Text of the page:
Stars don't last forever. Occasionally, a star bigger than our Sun will end its life in a huge explosion, called a <a href="/the_universe/supernova.html&edu=high&dev=">supernova</a>. The center of the star collapses in less than a second, blowing away the outer layers of the star.  There are many beautiful images of supernova remnants, the expanding shell of gas made up of the outer layers of the original star. This image is the Vela Supernova Remnant.<p><small><em>Image courtesy of the Anglo-Australian Observatory/Royal Observatory Edinburgh</em></small></p>A new study has found that <a href="/earth/Atmosphere/airpollution_intro.html&edu=high&dev=">pollution</a> from <a href="/earth/Atmosphere/particulates.html&edu=high&dev=">fine particles</a> in the air - mainly the result of burning coal or <a href="/earth/interior/eruptions.html&edu=high&dev=">volcanic eruptions</a> - can shade <a href="/earth/Life/cnidarian.html&edu=high&dev=">corals</a> from sunlight and cool the surrounding water resulting in reduced growth rates.  Coral growth rates in the Caribbean were affected by volcanic aerosol emissions in the early 20th century and by aerosol emissions caused by humans in the later 20th century.  For more information, see the <a href="http://www.exeter.ac.uk/news/featurednews/title_278202_en.html">press release</a>.<p><small><em>Image courtesy of Toby Hudson (Wikimedia Commons)</em></small></p>Anti-crepuscular rays are beams of sunlight that appear to converge on a point opposite the sun. They are similar to crepuscular rays, but are seen opposite the sun in the sky. Anti-crepuscular rays are most frequently visible near sunrise or sunset. This photo of anti-crepuscular rays was taken at sunset in Boulder, Colorado. Crepuscular rays are usually much brighter than anti-crepuscular rays.<p><small><em> Image Courtesy of Carlye Calvin</em></small></p>New observations by the MESSENGER spacecraft provide  support for the hypothesis that Mercury harbors abundant water ice and other frozen volatile materials in its permanently shadowed (shown in red) polar craters. Areas where polar deposits of ice imaged by Earth-based radar are shown in yellow.<p><small><em>Image courtesy of NASA/Johns Hopkins University Applied Physics Laboratory/Carnegie Institution of Washington/National Astronomy and Ionosphere Center, Arecibo Observatory</em></small></p>How did life evolve on <a href="/earth/earth.html&edu=high&dev=">Earth</a> during the <a href="/earth/past/Archean.html&edu=high&dev=">Archean</a>, when the <a href="/sun/sun.html&edu=high&dev=">Sun</a> was about 25% weaker than today?  The Earth should have been <a href="/earth/polar/cryosphere_glacier1.html&edu=high&dev=">glaciated</a>, if <a href="/earth/climate/earth_greenhouse.html&edu=high&dev=">greenhouse</a> gas concentration was the same as today.  <a href="http://www.manchester.ac.uk/aboutus/news/display/?id=10798">Researchers</a> studying the <a href="/physical_science/physics/atom_particle/isotope.html&edu=high&dev=">isotopic</a> signatures of Earth's early atmosphere in <a href="/earth/geology/rocks_intro.html&edu=high&dev=">rocks</a> from Northern Australia have ruled out high levels of <a href="/physical_science/chemistry/nitrogen_molecular.html&edu=high&dev=">nitrogen</a> as a possible way to increase warming from <a href="/earth/Atmosphere/overview.html&edu=high&dev=">atmospheric</a> <a href="/physical_science/chemistry/carbon_dioxide.html&edu=high&dev=">carbon dioxide</a>.<p><small><em>Image courtesy of Manchester University</em></small></p><p>The United Nations <a href="http://reliefweb.int/sites/reliefweb.int/files/resources/PAND_report.pdf" target="_blank">estimated</a> that between 1994-2015, there were 6,873 natural disasters worldwide, which affected 218 million people and claimed 1.35 million lives. </p>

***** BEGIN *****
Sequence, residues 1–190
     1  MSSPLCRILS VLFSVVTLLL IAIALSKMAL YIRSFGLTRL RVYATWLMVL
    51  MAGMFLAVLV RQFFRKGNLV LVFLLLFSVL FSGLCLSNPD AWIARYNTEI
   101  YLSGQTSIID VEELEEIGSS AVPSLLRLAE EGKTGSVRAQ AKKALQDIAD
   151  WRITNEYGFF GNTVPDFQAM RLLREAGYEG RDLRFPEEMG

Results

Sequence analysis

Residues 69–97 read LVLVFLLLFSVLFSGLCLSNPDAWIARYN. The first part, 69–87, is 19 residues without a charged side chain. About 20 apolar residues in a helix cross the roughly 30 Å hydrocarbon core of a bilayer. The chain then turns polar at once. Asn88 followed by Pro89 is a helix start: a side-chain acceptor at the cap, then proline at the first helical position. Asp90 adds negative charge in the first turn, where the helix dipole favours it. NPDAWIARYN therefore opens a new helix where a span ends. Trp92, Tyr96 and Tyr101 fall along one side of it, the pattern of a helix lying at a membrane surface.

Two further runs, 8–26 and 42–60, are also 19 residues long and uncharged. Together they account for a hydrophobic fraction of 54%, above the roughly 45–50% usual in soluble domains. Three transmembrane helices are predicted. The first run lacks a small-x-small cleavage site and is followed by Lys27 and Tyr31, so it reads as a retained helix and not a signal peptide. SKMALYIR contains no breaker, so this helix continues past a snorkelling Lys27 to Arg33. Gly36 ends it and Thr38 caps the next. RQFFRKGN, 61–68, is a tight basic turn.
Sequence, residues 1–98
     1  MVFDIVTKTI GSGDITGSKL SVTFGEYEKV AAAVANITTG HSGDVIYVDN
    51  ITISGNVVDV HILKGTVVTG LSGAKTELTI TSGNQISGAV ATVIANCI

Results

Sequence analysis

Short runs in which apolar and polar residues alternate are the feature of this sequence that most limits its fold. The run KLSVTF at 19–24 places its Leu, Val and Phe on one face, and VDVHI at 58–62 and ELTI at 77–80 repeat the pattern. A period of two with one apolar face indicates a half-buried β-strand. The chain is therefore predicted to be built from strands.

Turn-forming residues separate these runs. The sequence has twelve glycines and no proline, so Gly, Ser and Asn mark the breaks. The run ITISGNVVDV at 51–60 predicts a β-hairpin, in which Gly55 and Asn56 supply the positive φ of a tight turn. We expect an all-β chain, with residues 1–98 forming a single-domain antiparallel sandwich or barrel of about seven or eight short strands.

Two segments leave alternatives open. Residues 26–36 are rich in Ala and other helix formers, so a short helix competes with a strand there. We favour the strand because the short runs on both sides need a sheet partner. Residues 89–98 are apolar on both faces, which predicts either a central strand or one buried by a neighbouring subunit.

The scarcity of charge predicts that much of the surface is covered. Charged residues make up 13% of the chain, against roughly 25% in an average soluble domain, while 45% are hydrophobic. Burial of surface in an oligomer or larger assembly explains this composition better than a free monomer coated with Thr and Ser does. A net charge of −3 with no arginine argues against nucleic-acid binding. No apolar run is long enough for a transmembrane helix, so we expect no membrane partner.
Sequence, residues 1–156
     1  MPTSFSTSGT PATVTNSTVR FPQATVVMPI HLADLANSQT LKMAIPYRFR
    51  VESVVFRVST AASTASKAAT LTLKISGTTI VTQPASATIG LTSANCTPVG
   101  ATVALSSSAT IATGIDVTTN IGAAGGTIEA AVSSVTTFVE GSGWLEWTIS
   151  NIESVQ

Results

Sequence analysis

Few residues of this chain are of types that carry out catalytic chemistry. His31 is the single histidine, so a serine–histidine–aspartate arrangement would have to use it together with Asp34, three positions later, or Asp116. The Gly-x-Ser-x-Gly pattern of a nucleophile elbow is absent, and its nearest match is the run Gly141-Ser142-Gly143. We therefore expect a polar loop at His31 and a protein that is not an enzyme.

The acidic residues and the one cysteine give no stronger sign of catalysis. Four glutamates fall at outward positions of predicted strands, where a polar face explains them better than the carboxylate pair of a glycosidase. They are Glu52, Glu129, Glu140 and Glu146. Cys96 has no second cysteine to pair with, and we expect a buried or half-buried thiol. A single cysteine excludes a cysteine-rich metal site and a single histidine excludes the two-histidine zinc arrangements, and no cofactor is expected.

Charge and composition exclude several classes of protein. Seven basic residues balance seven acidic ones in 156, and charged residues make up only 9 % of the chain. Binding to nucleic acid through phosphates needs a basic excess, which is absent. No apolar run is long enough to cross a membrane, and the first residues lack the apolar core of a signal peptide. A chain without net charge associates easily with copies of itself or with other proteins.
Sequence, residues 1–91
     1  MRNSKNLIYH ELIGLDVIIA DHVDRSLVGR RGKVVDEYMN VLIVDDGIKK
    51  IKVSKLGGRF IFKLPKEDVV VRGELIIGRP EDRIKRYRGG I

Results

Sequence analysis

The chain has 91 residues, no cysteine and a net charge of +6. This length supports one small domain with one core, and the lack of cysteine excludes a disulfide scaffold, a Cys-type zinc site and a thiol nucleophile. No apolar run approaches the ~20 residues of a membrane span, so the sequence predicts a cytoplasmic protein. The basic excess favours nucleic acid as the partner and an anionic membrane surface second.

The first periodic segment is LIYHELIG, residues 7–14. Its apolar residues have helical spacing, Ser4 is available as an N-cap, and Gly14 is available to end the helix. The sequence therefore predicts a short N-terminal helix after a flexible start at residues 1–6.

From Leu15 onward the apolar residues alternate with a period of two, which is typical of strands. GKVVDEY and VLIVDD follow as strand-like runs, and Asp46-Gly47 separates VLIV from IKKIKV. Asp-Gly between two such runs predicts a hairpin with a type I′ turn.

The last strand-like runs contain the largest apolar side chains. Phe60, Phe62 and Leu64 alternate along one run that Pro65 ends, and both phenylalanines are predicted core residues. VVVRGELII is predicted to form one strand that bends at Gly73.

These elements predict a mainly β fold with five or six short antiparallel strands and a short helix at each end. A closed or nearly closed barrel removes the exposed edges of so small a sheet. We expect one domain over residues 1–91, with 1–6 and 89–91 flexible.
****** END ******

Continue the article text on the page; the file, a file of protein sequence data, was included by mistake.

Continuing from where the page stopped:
<p>Check out the materials about natural disasters in <a href="/earth/natural_hazards/when_nature_strikes.html&edu=high&dev=">NBC Learn Videos</a>, and their earth system science connections built up by the related secondary classroom activities.</p><p><small><em>NBC Learn</em></small></p>

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